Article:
Indeed, as the museum has wrestled with these changes and the boundaries of that mission with its Cultural Living Room project, it has benefited as well from the significant support and encouragement from all of its key partners. It’s not all seamless by any means, but rather it epitomizes that creative dynamism that allows all the stakeholders at the table to stretch and forge together an innovative space design and district wide experience that can influence how Midtown evolves for years to come.

ARTPLACE: Are there secrets to good partnerships?

FROST: Our partners are diverse and strategic in their make-up.

We asked each partner to equally represent their own self-interests and to serve as advocates for community based interests in their decisions related to the design, development and execution of the Cultural Living Room project.

The secret to a great partner then lies in our ability to identify our mutual self-interest, embrace our distinctive expertise and then ask where the intersection lies with those assets? This will hopefully allow us to blend our capabilities to best create a vibrant place for the whole community to access and explore as part of their daily life in Detroit.

That process requires patience. It requires a willingness to be flexible and a need to know how to negotiate differences or challenges as they arise.

Ultimately, though, the core secret is about having a shared mission.

ARTPLACE: What about buy-in with internal stakeholders in a large institution like the DIA?

FROST: That’s clearly another dimension is in play here with respect to partnerships.
The DIA has hundreds of volunteers and employees on hand. So, in a project like The Cultural Living Room, partnerships must be forged internally and in ways that run across traditional silos using varied cross-functional and multi-departmental strategies.

So, it should be no surprise that when the work aims to transform two iconic museum spaces, it’s bound to run into roadblocks.

The Cultural Living Room represents significant change for the museum. In many cases as a result, partnerships have been easier to realize with our eternal stakeholders. “New work” and new ways of utilizing this historic and pristine campus is in many ways an easier sell with those outside groups. Many of them have long been eager to realize new possibilities with the museum. As guardians and stewards of the public trust, it’s understandable that the core museum team has been more nuanced in their approach and, at times, much more cautious in how to see through this change strategy.

A great example is with our rental program. This revenue generating portion of the museum is being asked to rethink what spaces it can use for outside groups that have historically relied on Kresge Court for private dinners. With reduced flexibility for larger groups, news spaces need to be identified and potentially less revenue will be secured. At the highest levels, while there is a core commitment to the Cultural Living Room project and its general aims, these changes adversely affect some core museum patrons. Those relationships can’t be taken for granted.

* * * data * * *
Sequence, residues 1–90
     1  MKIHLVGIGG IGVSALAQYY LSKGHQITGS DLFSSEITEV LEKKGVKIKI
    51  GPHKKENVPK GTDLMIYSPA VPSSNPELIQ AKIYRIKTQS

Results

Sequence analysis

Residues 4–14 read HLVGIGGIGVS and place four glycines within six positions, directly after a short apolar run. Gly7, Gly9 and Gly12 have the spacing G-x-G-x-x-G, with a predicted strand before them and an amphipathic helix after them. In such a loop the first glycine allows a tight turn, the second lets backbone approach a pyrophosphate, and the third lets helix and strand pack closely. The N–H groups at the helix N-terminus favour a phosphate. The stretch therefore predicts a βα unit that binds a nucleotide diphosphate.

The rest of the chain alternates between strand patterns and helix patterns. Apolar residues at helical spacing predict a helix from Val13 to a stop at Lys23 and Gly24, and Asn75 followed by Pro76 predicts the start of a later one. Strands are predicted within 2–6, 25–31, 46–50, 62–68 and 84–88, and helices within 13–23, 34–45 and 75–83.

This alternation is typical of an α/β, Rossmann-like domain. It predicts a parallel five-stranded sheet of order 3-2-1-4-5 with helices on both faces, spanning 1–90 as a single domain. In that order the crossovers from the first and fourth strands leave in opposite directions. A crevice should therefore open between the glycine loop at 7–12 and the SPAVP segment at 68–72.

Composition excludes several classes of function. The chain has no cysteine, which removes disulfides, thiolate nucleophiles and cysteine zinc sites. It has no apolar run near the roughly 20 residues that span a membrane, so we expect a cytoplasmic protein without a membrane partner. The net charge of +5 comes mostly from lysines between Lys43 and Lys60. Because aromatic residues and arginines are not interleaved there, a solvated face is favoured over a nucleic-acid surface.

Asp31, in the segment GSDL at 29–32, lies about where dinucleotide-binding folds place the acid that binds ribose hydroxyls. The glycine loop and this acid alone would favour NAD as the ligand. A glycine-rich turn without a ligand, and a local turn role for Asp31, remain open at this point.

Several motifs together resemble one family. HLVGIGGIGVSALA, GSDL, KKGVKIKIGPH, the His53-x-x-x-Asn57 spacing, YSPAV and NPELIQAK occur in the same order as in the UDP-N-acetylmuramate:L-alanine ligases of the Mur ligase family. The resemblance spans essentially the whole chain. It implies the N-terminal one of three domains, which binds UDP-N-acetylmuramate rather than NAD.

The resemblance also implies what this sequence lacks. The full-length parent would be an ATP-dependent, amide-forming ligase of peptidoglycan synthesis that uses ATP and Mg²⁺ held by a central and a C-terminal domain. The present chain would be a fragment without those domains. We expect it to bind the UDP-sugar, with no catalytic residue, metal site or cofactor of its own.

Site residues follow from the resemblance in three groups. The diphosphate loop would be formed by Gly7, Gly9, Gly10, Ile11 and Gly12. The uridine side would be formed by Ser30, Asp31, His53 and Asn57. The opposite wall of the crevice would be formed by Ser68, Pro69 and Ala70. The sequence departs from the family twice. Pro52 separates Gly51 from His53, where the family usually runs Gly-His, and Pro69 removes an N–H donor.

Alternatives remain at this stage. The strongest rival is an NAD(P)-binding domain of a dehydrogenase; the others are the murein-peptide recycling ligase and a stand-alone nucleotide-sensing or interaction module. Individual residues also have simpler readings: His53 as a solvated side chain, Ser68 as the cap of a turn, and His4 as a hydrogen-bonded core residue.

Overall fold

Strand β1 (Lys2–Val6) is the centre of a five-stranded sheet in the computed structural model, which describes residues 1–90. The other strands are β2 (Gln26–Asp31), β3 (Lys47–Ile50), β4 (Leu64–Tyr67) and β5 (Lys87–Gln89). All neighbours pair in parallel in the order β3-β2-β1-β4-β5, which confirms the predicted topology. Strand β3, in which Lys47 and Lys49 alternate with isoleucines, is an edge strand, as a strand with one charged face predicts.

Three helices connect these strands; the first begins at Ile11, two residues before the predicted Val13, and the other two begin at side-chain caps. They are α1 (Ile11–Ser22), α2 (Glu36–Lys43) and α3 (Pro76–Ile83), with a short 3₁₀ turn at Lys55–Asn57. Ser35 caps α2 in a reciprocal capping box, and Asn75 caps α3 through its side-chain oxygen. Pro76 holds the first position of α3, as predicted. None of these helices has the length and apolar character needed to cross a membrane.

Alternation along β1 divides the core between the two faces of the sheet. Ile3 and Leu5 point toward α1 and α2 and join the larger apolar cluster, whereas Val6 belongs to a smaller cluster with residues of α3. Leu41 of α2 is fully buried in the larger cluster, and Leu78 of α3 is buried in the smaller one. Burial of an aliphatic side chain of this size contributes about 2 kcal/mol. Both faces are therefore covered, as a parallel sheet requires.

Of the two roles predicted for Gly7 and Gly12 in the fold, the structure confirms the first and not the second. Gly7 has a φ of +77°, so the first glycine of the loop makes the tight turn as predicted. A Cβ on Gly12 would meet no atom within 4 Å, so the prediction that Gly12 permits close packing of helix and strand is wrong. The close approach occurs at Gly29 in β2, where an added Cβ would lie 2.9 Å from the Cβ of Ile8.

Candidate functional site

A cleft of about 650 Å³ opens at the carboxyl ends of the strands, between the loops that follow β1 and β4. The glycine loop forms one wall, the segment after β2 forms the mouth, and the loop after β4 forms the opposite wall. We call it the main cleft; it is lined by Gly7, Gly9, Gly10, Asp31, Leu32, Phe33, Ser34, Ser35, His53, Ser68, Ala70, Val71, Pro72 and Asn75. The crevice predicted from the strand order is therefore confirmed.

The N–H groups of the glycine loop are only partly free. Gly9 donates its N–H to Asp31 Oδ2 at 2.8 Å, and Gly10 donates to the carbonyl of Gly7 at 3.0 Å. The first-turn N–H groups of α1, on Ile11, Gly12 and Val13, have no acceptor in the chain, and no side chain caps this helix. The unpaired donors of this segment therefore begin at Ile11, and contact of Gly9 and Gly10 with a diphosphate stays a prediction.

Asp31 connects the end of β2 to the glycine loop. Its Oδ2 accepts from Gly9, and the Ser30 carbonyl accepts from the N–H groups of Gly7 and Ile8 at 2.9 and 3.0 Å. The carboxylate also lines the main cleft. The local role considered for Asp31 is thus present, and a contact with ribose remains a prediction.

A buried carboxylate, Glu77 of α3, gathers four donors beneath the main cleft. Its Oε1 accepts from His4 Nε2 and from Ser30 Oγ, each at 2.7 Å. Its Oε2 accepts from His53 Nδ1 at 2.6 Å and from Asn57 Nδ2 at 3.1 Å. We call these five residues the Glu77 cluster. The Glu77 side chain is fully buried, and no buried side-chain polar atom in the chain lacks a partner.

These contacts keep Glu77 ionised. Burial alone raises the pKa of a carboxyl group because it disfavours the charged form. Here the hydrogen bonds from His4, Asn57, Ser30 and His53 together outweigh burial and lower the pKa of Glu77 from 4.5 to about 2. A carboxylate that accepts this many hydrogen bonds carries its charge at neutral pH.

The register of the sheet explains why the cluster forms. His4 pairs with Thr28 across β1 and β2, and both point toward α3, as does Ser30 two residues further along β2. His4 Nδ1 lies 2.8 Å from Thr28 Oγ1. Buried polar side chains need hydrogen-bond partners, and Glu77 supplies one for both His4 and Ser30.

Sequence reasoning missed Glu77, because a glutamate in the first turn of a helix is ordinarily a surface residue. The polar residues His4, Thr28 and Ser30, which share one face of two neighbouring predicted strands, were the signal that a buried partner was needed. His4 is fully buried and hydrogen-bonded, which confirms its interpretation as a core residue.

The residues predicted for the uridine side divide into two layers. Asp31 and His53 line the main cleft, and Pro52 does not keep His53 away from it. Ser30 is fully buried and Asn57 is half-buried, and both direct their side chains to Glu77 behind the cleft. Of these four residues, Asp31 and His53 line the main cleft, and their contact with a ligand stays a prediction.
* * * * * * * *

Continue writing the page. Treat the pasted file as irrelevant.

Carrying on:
Lots of those issues impact people’s jobs and basic assumptions about core museum functions and spaces. It’s a difficult process. As we develop these spaces, however, we rely on consistent and deep engagement across all layers of the project stakeholders – staff, formal partners, and community members – to share the in the co-creation process and ensure everyone remains connected to the change.

Ultimately, all of these allies to the project will help realize transformative opportunities. Those partners that have reservations to the change play a key role in the process. Bridging these elements and building momentum for the project along the way is what the design and development process for the Cultural Living Room is for. We’re very excited about what these partnerships will ultimately yield in terms of fostering new district and regional dynamism for the museum and its local audiences.

ARTPLACE: Any other cool happenings lately?

FROST: One stands out. DlectriCity was a recent event led by our partner Sue Mosey and her team at Midtown Detroit Inc. This weekend long event is a great district wide effort and the DIA had several exterior exhibitions. Although not exclusively part of The Cultural Living Room, we use projects likes these to benchmark and learn about event driven and art driven placemaking efforts here in Detroit. It’s a process we’re eager to replicate with our full launch next spring.

This installation was on our front lawn, home of the future lawn portions of the Cultural Living Room project.